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These Open-File Reports are part of a joint effort by the U.S. Geological Survey and the National Park Service to map the coastal vulnerability of coastal park units.
One of the most important and practical issues in coastal geology is determining the physical response of coastal environments to water-level changes. In 2001, the U.S. Geological Survey (USGS), in partnership with the NPS Geologic Resources Division, began conducting vulnerability assessments and creating map products to assist NPS in managing coastal resources. In this project USGS implemented a vulnerability classification ranking system based on the contributions and interactions of six variables: geomorphology, historic shoreline change rates, regional coastal slope, rate of relative sea-level or lake-level change, mean significant wave height, and mean tidal range. A primary goal of this project was to select park units that represented the geologic diversity of our national parks and test the applicability of the Coastal Vulnerability Index. This cooperative project applied the CVI methodology to coastlines that from a resource preservation perspective may experience undesirable coastal change, such as loss of land, infrastructure, or natural and cultural resources as a result of sea-level or lake-level change in the future.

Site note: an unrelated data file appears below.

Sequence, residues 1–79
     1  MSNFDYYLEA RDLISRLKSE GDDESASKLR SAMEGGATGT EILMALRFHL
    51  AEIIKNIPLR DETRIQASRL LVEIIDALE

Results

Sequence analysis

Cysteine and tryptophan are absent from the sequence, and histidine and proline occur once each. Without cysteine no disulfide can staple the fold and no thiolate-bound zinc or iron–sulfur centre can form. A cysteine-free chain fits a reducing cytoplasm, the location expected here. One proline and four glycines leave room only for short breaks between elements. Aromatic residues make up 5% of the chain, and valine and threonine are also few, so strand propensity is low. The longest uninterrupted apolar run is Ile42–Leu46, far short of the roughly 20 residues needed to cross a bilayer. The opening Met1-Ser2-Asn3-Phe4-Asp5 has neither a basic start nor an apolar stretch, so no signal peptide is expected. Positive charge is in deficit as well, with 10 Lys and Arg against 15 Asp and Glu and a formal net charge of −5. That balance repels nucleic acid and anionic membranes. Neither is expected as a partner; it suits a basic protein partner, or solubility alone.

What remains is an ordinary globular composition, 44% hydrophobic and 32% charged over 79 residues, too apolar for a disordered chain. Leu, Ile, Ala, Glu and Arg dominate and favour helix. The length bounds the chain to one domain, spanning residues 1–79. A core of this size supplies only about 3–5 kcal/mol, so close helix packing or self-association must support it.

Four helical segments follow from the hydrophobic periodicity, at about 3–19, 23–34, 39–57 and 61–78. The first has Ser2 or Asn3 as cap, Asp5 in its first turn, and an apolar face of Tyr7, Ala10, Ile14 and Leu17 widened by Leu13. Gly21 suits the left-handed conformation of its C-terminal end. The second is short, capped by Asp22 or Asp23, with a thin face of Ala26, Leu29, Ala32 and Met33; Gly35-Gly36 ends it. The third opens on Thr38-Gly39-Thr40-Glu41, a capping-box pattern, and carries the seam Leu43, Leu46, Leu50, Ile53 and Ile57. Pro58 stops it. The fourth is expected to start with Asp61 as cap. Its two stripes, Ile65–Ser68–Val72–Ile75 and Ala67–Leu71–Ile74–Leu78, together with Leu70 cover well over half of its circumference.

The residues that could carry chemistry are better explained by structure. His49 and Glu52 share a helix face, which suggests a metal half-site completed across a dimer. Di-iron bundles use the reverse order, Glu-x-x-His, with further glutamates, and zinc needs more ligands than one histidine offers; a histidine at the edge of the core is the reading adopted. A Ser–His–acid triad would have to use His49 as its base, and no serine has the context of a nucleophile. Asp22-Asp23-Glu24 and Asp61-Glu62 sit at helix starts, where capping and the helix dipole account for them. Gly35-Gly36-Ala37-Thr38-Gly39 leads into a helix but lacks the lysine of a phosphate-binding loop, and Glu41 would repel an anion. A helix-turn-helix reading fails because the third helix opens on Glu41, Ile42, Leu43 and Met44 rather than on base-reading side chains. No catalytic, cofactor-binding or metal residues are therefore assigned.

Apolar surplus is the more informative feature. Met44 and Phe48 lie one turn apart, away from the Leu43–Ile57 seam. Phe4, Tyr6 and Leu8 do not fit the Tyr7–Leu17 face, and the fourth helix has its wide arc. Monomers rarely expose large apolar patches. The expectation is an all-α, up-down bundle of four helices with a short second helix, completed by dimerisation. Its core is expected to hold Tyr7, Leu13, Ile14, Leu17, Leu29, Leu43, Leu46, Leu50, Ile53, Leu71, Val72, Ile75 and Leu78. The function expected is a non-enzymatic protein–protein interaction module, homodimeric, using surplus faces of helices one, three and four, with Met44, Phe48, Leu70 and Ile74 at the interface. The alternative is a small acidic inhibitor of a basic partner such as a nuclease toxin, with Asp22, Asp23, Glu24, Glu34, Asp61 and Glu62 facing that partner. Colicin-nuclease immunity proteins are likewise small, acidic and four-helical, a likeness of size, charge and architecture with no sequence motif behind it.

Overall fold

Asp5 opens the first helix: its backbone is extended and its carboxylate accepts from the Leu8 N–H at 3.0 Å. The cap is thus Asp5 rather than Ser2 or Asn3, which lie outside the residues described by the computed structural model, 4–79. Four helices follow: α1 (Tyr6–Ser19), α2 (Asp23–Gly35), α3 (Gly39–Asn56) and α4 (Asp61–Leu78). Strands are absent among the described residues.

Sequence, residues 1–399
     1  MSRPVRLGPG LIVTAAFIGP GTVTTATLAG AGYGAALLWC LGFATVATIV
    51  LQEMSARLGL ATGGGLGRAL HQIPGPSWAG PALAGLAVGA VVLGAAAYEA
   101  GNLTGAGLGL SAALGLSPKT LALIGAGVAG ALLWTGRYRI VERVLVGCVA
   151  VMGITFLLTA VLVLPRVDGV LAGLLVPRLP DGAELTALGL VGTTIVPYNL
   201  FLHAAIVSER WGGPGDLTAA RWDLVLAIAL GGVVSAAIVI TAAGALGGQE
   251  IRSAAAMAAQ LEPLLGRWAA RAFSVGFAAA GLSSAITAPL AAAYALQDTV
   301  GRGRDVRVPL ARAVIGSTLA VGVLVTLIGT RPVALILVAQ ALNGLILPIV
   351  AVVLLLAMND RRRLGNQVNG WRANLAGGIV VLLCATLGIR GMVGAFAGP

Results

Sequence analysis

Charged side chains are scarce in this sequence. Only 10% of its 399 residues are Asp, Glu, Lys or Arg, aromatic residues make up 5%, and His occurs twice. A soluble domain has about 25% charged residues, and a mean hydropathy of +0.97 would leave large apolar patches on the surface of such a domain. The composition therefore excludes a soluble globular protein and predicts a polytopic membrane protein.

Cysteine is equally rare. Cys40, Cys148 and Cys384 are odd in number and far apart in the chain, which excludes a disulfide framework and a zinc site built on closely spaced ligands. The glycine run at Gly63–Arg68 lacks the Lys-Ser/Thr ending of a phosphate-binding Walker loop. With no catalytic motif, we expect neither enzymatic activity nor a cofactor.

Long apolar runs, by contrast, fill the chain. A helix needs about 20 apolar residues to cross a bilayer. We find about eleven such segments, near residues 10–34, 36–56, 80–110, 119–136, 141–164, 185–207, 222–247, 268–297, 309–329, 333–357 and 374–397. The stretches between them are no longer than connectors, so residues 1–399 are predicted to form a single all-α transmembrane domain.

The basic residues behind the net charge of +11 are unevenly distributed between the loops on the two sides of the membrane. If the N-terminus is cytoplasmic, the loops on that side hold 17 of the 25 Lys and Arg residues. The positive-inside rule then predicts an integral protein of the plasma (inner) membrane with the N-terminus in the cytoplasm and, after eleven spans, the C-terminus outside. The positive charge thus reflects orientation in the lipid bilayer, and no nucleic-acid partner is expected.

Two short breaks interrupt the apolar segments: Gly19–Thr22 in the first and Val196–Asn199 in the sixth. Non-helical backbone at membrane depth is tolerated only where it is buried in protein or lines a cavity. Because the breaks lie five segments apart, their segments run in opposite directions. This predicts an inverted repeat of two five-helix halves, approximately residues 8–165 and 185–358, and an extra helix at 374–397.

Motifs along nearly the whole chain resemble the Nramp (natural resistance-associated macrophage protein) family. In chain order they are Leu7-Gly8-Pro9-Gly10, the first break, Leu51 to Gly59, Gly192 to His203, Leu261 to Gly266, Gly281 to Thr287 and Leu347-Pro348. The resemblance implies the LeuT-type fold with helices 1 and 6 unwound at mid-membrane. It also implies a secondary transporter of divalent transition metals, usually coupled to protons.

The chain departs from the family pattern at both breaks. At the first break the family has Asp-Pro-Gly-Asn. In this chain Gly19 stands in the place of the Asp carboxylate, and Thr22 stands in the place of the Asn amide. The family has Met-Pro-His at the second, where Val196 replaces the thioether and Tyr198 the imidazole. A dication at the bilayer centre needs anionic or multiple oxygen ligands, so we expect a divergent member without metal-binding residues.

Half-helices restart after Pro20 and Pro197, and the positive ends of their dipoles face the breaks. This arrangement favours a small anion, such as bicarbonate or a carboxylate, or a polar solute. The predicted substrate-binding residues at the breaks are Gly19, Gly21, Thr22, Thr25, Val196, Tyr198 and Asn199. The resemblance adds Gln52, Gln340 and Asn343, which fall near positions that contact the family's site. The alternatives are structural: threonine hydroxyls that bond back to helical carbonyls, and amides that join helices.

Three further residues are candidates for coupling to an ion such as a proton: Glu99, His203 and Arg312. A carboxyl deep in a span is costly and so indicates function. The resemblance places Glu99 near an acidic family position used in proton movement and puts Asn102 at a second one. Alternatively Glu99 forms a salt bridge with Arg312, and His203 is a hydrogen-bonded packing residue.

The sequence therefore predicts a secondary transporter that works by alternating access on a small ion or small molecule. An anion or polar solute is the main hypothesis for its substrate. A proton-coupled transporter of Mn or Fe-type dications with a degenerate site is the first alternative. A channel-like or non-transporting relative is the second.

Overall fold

U.S. Geological Survey Open-File Reports associated with the Coastal Vulnerability in National Parks project.